First Paul Freeman came on for half an hour, then Glen Phillips did half an hour. Then after a break they both came on stage, and traded songs for another hour or so before finishing with a once-rehearsed duet of the Traveling Wilburys “Handle With Care”. It was a sweet, relaxed, neat little gig.

Paul Freeman at Sugarfactory
Paul Freeman at Sugarfactory
Glen Phillips at Sugarfactory
Glen Phillips at Sugarfactory

Matthew Butterick on Medium

Matthew Butterick – The Billionaire’s Typewriter:

In truth, Medium’s main prod­uct is not a pub­lish­ing plat­form, but the pro­mo­tion of a pub­lish­ing plat­form. This pro­mo­tion brings read­ers and writ­ers onto the site. This, in turn, gen­er­ates the us­age data that’s valu­able to ad­ver­tis­ers. Boiled down, Medium is sim­ply mar­ket­ing in the ser­vice of more mar­ket­ing. It is not a “place for ideas.” It is a place for ad­ver­tis­ers. It is, there­fore, ut­terly superfluous.

“But what about all the writ­ing on Medium?” The mea­sure of su­per­fluity is not the writ­ing on Medium. Rather, it’s what Medium adds to the writ­ing. Re­call the ques­tion from above: how does Medium im­prove the In­ter­net? I haven’t seen a sin­gle story on Medium that couldn’t ex­ist equally well else­where. Nor ev­i­dence that Medium’s edit­ing and pub­lish­ing tools are a man­i­fest im­prove­ment over what you can do with other tools.

In sum—still superfluous.

Adult themes in Sex Criminals

Jackie Feller – “Together We’re Unstoppable”:

The most profound of these adult themes for me was that of mental illness. I struggled to think of any comics that have dealt with the subject at all, much less in such an unflinching and mature manner. In an industry that so often uses metaphor to tackle heavy subjects- a literal transformation into a monster to represent anger issues being a prime example- I was both shocked and relieved to see mental illness presented so directly. There’s no metaphor here, something that’s true of the rest of the book as well. Masturbation represents masturbation, sexuality is just sexuality, and mental illness is right there on the page, unfiltered. This isn’t a subtle commentary hidden behind more bombastic fare, nor is it an over-the-top caricature of “madness.” It’s a simple, messy, human thing that affects these characters in a very real way. At times slightly uncomfortable to read, the struggle of dealing with mental illness is presented to us as the complex thing that it is, and it is a very necessary story to tell.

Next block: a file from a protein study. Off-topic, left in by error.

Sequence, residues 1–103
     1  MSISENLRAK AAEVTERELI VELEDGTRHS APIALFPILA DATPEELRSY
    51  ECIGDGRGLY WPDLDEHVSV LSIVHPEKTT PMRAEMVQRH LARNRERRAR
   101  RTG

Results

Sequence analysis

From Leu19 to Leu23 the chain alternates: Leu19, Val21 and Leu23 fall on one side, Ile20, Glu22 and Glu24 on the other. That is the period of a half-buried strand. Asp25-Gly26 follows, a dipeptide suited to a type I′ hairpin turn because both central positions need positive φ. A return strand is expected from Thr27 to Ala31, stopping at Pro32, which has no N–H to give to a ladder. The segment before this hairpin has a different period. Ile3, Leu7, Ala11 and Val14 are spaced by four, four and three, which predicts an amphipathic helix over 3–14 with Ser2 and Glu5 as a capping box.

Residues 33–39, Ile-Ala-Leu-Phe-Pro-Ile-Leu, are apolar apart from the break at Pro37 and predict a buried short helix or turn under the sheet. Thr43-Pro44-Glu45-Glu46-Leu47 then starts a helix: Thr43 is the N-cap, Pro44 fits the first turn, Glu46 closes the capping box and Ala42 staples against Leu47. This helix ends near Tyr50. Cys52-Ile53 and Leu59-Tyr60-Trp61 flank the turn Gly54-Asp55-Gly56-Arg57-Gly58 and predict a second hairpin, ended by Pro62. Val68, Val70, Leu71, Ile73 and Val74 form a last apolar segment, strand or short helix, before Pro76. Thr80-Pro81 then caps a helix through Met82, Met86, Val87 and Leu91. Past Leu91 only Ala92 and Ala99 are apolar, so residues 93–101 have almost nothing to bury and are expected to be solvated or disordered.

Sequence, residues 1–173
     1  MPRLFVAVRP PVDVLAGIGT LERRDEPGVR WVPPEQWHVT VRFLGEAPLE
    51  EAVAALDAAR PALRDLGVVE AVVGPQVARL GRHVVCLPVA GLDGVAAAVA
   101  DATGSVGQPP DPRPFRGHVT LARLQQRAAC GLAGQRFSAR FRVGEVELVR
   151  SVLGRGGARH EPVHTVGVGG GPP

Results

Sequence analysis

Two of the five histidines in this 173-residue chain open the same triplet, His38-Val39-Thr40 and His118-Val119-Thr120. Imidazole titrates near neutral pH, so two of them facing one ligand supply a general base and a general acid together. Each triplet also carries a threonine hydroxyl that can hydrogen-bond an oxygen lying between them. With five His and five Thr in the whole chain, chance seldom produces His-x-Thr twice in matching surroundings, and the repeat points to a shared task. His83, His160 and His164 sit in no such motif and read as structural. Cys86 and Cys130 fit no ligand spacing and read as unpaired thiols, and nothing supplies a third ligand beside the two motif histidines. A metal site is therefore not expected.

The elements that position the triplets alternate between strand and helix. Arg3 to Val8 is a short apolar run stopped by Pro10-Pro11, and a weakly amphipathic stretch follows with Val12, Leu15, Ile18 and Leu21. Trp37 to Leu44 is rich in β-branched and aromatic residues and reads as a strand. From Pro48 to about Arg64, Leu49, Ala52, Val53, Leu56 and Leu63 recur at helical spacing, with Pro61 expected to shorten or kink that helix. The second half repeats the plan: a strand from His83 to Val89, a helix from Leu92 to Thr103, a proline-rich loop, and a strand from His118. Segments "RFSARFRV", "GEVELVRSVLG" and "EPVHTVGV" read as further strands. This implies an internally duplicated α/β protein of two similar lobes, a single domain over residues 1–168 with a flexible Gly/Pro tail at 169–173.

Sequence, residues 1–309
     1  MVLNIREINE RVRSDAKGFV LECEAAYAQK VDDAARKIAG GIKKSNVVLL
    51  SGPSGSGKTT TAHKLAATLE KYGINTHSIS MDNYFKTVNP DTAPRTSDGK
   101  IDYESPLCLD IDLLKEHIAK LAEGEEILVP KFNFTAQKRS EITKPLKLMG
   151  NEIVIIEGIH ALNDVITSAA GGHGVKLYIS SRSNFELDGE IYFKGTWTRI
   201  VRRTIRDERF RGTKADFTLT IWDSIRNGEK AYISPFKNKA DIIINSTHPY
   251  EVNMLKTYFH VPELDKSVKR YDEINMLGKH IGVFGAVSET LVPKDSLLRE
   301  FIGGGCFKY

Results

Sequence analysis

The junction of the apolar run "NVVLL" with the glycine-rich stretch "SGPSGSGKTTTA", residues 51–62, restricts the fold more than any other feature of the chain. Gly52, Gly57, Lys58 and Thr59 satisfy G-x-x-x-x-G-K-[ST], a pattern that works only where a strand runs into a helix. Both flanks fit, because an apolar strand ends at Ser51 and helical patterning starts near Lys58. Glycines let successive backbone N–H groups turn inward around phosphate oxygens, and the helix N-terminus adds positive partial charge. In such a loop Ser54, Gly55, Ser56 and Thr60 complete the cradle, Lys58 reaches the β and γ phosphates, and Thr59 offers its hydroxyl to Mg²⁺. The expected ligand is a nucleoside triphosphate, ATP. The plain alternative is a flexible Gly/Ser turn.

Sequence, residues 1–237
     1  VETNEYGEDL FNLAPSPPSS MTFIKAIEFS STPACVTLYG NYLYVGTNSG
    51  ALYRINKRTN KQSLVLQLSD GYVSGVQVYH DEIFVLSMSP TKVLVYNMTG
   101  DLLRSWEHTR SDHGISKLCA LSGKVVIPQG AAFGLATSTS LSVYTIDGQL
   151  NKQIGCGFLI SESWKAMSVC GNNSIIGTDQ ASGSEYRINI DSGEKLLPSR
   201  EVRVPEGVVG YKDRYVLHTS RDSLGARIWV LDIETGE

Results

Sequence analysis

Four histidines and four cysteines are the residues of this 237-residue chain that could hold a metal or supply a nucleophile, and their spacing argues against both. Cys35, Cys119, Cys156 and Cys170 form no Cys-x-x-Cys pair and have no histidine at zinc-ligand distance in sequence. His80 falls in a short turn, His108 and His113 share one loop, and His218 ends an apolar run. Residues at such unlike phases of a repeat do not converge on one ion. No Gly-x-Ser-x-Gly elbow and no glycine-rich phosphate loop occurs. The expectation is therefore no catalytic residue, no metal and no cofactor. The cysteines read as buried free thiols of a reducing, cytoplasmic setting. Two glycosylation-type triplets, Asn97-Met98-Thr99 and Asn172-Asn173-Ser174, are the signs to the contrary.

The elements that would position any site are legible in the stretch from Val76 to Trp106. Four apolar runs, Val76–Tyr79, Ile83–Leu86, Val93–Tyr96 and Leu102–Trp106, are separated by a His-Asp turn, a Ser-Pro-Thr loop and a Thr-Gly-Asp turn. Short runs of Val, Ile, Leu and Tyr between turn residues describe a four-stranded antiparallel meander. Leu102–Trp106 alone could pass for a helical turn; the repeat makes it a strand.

Mixed Mediaruptcy, Sunday 15 March 2015

It has been a month and a half since my last mixed media post, and I’ve watched a lot of films and TV shows since then, and I haven’t been keeping track of them. So I’m declaring mixed media bankruptcy, or mixedmediaruptcy or something like that. Basically this is just a short summary of the stuff that left enough of an impression to warrant a mention. (To clear out the old to-do-list guilt in my head, so I can let some new in.)

Sex Criminals vol 2

Sex Criminals by Matt Fraction and Chip Zdarsky continues to be the best thing. Filled with thoughts about relationships, depression, growing up, and positively packed with sex jokes. And sex-activated superhero powers. They’ve really stepped up their game when it comes to the visual gags. For mature readers, duh.

Saga volume 4 remains likewisely brilliant.

Rat Queens, on the other hand, wasn’t nearly as good as I’d been hoping. It’s basically a D&D role-playing scenario, with lots of sass and swearing.